This goes back to one of the Guiding Principles of the Responsive Classroom approach: How children learn is as important as what they learn. I'm critical of how I have my kiddos practice skills and demonstrate their understanding because I want to ensure that they are always learning and creating in authentic ways. While I incorporate art in my classroom, I try to avoid "craftivities" that don't actually allow students to be creative, use teamwork, or demonstrate genuine learning.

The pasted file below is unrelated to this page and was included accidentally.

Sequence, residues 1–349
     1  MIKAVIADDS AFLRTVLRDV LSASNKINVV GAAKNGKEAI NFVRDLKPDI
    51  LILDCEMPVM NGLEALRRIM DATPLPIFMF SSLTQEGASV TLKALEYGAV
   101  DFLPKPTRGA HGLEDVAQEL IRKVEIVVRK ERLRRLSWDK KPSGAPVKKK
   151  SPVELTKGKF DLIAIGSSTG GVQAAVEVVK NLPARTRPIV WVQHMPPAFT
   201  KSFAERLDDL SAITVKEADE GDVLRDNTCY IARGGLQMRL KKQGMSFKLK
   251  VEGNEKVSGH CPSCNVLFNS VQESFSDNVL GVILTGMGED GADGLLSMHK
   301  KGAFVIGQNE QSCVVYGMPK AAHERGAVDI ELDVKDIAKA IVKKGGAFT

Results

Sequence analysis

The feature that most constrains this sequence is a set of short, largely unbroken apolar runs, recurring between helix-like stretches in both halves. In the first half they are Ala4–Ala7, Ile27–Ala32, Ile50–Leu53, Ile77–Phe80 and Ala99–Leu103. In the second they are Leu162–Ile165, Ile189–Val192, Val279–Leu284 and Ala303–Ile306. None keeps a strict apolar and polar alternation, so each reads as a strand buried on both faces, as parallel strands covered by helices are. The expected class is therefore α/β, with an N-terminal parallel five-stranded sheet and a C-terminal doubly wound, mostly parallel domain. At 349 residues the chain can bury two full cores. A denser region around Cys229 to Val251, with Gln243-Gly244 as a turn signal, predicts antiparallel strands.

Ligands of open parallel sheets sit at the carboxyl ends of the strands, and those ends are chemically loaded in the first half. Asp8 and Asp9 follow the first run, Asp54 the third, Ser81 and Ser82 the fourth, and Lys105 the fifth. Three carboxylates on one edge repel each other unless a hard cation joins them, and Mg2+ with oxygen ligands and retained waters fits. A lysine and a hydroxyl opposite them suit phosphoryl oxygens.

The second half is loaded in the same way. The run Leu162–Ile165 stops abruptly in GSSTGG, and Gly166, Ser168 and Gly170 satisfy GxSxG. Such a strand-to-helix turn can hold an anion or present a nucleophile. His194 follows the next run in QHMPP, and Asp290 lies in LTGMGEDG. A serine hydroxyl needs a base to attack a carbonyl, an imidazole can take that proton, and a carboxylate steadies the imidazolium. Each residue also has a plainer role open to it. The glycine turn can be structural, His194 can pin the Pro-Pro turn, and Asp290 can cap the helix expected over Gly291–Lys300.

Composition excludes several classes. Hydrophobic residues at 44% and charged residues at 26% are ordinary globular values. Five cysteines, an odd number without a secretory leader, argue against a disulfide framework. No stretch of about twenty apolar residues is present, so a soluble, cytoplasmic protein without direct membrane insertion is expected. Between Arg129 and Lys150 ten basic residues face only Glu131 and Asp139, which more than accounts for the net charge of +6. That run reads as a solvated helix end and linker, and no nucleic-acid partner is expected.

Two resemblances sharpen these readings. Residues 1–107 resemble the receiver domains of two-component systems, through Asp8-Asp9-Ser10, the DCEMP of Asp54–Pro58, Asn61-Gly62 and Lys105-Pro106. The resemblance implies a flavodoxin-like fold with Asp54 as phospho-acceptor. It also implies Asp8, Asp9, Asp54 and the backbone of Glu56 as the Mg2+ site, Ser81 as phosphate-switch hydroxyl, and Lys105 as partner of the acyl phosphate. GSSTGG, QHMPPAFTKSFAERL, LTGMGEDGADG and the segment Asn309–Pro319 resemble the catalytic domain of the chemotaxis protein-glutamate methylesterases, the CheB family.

My kiddos share their thinking through jotting in the margins of books (or on post-its), journaling, debating, or discussing. They learn how to write short stories, articles, and letters to share their individual ideas and interests. They sketch and draw to visualize concepts and capture observations. Sure, they also cut and paste into their notebooks, but I try to make sure they are also thinking and writing independently.
|Readers make notes and discuss their books.|
|Scientists record observations of what they find in nature (after a field trip).|
|Mathematicians understand fractions by creating visual representations.|
|Authors share favorites sections from their books.|